Got Medieval A[n intermittently updated] tonic for the slipshod use of medieval European history in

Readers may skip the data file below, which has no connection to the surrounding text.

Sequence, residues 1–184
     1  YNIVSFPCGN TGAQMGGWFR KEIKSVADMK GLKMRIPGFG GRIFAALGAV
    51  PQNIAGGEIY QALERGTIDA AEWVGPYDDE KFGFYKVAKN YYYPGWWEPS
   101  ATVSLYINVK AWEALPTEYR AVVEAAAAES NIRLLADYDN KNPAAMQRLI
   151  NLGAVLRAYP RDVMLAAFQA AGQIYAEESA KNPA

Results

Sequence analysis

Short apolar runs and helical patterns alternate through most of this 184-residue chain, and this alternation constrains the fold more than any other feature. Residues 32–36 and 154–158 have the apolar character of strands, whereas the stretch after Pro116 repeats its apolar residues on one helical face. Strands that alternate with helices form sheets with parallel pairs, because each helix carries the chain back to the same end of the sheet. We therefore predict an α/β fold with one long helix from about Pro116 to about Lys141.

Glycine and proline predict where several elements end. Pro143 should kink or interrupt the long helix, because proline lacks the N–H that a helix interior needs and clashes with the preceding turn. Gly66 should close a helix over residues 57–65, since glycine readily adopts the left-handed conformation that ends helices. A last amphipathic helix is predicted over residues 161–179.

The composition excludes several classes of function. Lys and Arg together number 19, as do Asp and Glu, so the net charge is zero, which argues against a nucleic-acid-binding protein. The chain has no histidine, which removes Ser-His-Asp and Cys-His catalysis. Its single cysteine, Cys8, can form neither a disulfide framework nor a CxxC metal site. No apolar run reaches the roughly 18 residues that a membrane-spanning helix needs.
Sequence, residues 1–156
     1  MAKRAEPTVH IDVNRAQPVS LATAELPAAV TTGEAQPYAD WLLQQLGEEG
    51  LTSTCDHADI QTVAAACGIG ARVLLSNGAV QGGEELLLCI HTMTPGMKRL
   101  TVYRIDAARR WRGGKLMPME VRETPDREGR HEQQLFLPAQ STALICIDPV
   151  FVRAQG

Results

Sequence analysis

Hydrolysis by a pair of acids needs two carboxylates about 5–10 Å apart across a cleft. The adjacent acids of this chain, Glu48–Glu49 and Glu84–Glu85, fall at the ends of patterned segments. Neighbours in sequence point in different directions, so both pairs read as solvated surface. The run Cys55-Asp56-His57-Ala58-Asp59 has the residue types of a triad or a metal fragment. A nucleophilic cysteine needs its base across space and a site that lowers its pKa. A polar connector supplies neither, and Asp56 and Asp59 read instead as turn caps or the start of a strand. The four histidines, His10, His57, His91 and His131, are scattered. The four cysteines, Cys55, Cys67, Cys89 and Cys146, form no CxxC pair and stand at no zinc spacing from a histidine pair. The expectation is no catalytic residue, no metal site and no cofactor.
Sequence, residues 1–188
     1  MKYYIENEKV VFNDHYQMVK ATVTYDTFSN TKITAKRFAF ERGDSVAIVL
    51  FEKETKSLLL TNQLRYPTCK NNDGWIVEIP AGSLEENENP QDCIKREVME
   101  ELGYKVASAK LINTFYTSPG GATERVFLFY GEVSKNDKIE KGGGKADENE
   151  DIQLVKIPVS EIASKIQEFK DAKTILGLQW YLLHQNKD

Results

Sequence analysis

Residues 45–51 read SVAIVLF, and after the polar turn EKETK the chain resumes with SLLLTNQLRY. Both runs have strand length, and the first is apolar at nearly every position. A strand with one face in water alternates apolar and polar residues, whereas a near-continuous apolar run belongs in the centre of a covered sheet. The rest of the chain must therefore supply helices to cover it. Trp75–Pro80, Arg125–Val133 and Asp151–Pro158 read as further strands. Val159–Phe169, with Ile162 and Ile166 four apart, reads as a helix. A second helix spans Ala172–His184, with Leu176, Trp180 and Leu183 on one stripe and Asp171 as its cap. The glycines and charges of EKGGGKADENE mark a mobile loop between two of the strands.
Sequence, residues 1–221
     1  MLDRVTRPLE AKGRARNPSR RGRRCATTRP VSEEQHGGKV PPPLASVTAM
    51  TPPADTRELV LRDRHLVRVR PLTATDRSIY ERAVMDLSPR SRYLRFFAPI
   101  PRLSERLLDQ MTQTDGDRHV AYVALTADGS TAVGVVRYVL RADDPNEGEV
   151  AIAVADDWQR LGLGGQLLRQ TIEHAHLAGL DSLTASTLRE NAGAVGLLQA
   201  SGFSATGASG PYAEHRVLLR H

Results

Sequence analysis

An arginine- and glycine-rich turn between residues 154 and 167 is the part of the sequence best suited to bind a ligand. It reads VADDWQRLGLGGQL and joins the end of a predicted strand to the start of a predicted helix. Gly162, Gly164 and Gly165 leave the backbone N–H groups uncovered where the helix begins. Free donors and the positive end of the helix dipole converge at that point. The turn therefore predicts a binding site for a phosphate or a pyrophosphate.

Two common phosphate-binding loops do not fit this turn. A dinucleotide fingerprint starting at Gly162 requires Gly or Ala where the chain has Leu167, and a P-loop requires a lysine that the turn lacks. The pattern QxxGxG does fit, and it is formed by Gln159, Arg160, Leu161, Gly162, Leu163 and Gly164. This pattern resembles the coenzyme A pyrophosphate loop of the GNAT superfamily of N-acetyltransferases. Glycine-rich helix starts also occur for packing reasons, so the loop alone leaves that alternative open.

Web Name: Got Medieval A[n intermittently updated] tonic for the slipshod use of medieval European history in